Comment deleted
Expand full comment

I would make an awful friend then, I..just.. couldn't..do..it. I would take the easy route watch 2 mins here and there, enough to make friend feel I'd watched and retire to read my book.

Either a sick old pervert or like some writers discovered in the 1800's, porn sells especially sadistic porn, I don't see the attraction myself but some must.

Most especially under that bookalanche if there's one I hadn't finished reading. 😉

Expand full comment
deletedMay 5
Comment deleted
Expand full comment

Sadly I think a lot of this is being pushed because it's part of the plan. It's what "they" want. Push it enough and people start to put it into practice, it's how we got into this mess so far.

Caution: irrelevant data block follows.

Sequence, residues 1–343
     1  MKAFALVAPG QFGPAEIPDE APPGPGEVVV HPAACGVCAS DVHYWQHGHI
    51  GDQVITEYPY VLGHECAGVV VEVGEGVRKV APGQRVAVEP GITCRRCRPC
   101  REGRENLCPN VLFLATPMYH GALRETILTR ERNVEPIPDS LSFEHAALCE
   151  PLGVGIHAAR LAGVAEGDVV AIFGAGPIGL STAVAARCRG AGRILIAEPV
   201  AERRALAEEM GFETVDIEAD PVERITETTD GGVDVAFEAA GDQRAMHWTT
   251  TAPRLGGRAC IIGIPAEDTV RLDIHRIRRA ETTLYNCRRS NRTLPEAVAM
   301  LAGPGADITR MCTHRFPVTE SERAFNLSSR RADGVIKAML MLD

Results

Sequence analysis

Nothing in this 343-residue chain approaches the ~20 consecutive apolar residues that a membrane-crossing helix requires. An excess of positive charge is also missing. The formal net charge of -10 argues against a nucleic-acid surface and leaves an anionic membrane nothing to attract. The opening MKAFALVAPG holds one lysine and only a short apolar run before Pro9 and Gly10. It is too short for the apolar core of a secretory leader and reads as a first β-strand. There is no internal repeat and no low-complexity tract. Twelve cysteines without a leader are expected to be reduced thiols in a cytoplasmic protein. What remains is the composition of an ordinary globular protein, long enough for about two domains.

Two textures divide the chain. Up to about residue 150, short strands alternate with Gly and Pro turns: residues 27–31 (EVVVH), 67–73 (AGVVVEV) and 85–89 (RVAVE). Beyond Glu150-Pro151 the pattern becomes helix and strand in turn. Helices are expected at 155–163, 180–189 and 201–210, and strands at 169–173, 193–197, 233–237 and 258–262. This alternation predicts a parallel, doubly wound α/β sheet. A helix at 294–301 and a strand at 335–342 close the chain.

So I take it like myself you both didn't rush out to buy 'fifty shades of grey ".

Sadly I wonder how many people out there watch and read what you've described just to keep up with their friends and gradually become addicted?

Keep writing the good stuff or this world hasn't a hope in hell.

Expand full comment
deletedMay 5·edited May 5
Comment deleted
Expand full comment

Returned to let you know as promised what Chrissy thinks to your book. It was her birthday yesterday so she started reading last night. How's a note through my door this morning before school with a flower and heart and I love it, love it, love it, suit you.

Thank you for making a young girl feel that happy. 💖

Expand full comment
deletedMay 20·edited May 20Liked by Spaceman Spiff
Comment deleted
Expand full comment

I will take note and let you know, she is someone who talks about things like that naturally, which I love.

Expand full comment